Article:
C3 = [D3, L1]

C4 = [D4, P1, P2, P3, A1, M1, M2, L1] or C4’ = [D4, P1, P3, A1, M1, M2, L1].

 

The provider has a few options to review clinical data.  Content can be retrieved and viewed in a portal solution, or data can be imported into a local EMR if the provider is interested in doing so and the HIE offers out-bound data integration.  In the case where the Provider imports C4’ into a local EMR, but chooses not to import the lab result, and then identifies a new problem for the patient and prescribes new medication, then C5 = [D5, P1, P3, P4, A1, M1, M2, M3,] will be published.

The content of the HIE for EUID = 47111996 will now reflect:

C1 = [D1, P1, A1, M1]

C2 = [D2, P1, P2, A1, M1, M2]

C3 = [D3, L1]

C4 = [D4, P1, P2, P3, A1, M1, M2, L1] or C4’ = [D4, P1, P3, A1, M1, M2, L1]

C5 = [D5, P1, P3, P4, A1, M1, M2, M3,]

In the context of Accountable Care, this information model has several problems.  As one can see, CCDs contain a lot of redundant information.  The difference between C1 and C2 is only P2 and M2, but in the lengthy document, it might take a while to identify those differences. By the time C4 is published, M1 might not be current anymore.  If a Physician sees both C2, C4’ and C5, can they safely assume that P2 is obsolete? Should they only import the most recent CCD, in this case C5?  But if they do so, they would lose the L1 information contained in C3, and P2 information contained inC2.

When the goal is to analyze patient information for gaps in care so that preventive care actions can be developed, the redundant, incomplete, and unclear information contained in CCDs presents a significant challenge.

Laboratory Results and Medication Mapping

Some HIEs will store laboratory results as discrete data, preserving the original terminology.  Some EMRs can import such original data to be utilized by built-in decision support tools.  But not all HIEs are capable of discrete data export.  Even if data are stored discreetly, and could be imported into a local EMR, it is still necessary for the local EMR to parse the data.  If L1 is coded in a proprietary format not known to the local EMR, the data are rendered useless for the EMR.  It would be more useful to map proprietary data to LOINC®[2], and store the equivalent LOINC terms, so that all systems retrieving data could utilize the content.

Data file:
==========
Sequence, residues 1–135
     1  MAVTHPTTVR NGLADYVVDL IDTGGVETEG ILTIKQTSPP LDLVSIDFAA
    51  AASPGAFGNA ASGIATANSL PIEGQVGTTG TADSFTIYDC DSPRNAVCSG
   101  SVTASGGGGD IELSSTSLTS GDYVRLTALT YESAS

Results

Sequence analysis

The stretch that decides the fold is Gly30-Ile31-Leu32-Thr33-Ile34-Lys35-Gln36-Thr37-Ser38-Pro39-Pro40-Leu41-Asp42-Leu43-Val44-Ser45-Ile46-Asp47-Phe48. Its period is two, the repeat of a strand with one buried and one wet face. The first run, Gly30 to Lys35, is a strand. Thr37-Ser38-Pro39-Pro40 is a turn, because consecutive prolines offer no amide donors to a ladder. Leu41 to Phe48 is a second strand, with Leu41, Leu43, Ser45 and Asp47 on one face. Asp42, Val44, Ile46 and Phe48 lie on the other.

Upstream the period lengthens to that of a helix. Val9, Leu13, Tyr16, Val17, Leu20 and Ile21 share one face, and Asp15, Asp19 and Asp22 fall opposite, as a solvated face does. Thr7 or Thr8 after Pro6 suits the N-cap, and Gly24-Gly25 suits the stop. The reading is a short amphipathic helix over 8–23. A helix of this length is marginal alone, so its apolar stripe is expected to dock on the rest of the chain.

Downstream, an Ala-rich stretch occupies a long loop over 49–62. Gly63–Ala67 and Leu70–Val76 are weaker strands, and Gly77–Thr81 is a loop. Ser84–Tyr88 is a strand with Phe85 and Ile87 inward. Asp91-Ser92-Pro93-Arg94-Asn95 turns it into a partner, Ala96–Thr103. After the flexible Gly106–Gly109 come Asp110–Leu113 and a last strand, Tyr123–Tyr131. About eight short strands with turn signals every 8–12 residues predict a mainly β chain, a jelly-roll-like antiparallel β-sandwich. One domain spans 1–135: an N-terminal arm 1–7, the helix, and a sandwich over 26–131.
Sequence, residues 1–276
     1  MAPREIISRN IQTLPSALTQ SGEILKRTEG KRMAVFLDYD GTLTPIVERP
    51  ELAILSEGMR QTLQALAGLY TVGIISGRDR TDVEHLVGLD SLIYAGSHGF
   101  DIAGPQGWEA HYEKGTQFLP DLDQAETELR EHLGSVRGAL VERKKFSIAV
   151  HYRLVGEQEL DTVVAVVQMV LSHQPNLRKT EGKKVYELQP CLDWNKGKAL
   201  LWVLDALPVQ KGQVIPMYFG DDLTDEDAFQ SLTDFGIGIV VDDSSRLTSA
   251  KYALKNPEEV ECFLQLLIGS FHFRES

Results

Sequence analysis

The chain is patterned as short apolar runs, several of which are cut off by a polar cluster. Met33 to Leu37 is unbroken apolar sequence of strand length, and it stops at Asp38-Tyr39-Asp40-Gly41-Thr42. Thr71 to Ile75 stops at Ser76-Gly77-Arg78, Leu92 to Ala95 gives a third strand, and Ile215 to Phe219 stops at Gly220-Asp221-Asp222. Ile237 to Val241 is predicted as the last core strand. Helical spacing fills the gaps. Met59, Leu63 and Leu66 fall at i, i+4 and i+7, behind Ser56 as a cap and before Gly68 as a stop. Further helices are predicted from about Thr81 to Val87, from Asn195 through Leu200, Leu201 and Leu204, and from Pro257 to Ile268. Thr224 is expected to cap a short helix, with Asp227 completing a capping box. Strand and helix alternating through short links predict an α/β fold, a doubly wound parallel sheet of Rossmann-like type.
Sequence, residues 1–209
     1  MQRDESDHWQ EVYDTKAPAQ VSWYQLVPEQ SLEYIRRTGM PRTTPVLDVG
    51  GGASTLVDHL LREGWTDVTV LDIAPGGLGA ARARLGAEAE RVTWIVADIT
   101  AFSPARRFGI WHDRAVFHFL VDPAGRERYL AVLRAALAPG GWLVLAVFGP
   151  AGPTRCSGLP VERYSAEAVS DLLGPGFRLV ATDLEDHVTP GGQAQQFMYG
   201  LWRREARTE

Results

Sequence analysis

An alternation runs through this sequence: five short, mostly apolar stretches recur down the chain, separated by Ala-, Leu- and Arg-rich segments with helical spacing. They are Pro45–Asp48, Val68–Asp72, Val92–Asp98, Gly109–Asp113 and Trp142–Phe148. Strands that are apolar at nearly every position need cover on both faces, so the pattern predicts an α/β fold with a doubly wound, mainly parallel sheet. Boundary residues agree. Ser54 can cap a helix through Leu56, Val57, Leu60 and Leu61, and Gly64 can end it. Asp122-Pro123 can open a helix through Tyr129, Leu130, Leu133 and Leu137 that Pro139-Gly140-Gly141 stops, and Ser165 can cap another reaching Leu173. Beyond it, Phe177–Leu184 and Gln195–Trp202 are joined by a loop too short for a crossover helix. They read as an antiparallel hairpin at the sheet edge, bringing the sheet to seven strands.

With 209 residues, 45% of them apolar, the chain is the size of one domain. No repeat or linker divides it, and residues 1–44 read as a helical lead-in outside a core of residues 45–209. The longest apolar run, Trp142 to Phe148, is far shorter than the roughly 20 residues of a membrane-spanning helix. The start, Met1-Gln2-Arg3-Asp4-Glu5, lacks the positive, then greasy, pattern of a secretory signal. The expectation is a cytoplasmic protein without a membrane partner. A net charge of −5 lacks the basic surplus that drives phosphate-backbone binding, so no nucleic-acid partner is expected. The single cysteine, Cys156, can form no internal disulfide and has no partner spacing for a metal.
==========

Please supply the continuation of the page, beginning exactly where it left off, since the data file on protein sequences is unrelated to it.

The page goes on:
The same problem applies to medication data.  Since different EMRs use different terminologies to describe drugs, CCD entries need to be mapped to RxNorm[3].  In this way, local EMRs importing data from the HIE could identify potential drug-drug effects and issue alerts, as would be the case if prescription M3 conflicts with M1 or M2.


[1] CCD, Continuity of Care Document is a HL7 CDA document format; In ARRA/HITECH legislation it is referred to as HITSP/C32 and HITSP/C83

[2] LOINC: Logical Observation Identifiers Names and Codes, http://loinc.org

 

Advertisements